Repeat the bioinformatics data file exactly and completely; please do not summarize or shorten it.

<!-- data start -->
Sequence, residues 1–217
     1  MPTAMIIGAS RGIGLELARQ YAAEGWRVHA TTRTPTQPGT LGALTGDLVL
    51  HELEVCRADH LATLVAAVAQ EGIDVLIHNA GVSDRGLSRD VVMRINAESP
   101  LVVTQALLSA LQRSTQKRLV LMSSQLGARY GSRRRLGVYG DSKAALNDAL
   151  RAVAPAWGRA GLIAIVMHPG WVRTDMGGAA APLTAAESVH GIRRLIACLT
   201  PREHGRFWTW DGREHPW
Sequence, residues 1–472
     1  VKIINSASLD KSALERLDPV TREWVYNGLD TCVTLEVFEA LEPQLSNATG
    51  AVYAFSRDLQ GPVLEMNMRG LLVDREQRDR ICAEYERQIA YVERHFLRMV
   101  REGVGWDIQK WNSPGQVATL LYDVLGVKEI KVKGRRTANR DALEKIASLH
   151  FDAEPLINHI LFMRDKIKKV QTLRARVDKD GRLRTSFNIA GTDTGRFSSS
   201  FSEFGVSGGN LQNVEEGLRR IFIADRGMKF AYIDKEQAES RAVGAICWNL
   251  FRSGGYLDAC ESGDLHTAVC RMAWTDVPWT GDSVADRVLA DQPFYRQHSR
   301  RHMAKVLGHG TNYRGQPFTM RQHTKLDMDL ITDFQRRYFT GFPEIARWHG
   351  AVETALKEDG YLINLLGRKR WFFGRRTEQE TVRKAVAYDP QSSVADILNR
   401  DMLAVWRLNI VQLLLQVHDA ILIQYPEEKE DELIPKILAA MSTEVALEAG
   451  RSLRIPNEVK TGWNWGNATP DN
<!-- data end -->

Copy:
Sequence, residues 1–217
     1  MPTAMIIGAS RGIGLELARQ YAAEGWRVHA TTRTPTQPGT LGALTGDLVL
    51  HELEVCRADH LATLVAAVAQ EGIDVLIHNA GVSDRGLSRD VVMRINAESP
   101  LVVTQALLSA LQRSTQKRLV LMSSQLGARY GSRRRLGVYG DSKAALNDAL
   151  RAVAPAWGRA GLIAIVMHPG WVRTDMGGAA APLTAAESVH GIRRLIACLT
   201  PREHGRFWTW DGREHPW
Sequence, residues 1–472
     1  VKIINSASLD KSALERLDPV TREWVYNGLD TCVTLEVFEA LEPQLSNATG
    51  AVYAFSRDLQ GPVLEMNMRG LLVDREQRDR ICAEYERQIA YVERHFLRMV
   101  REGVGWDIQK WNSPGQVATL LYDVLGVKEI KVKGRRTANR DALEKIASLH
   151  FDAEPLINHI LFMRDKIKKV QTLRARVDKD GRLRTSFNIA GTDTGRFSSS
   201  FSEFGVSGGN LQNVEEGLRR IFIADRGMKF AYIDKEQAES RAVGAICWNL
   251  FRSGGYLDAC ESGDLHTAVC RMAWTDVPWT GDSVADRVLA DQPFYRQHSR
   301  RHMAKVLGHG TNYRGQPFTM RQHTKLDMDL ITDFQRRYFT GFPEIARWHG
   351  AVETALKEDG YLINLLGRKR WFFGRRTEQE TVRKAVAYDP QSSVADILNR
   401  DMLAVWRLNI VQLLLQVHDA ILIQYPEEKE DELIPKILAA MSTEVALEAG
   451  RSLRIPNEVK TGWNWGNATP DN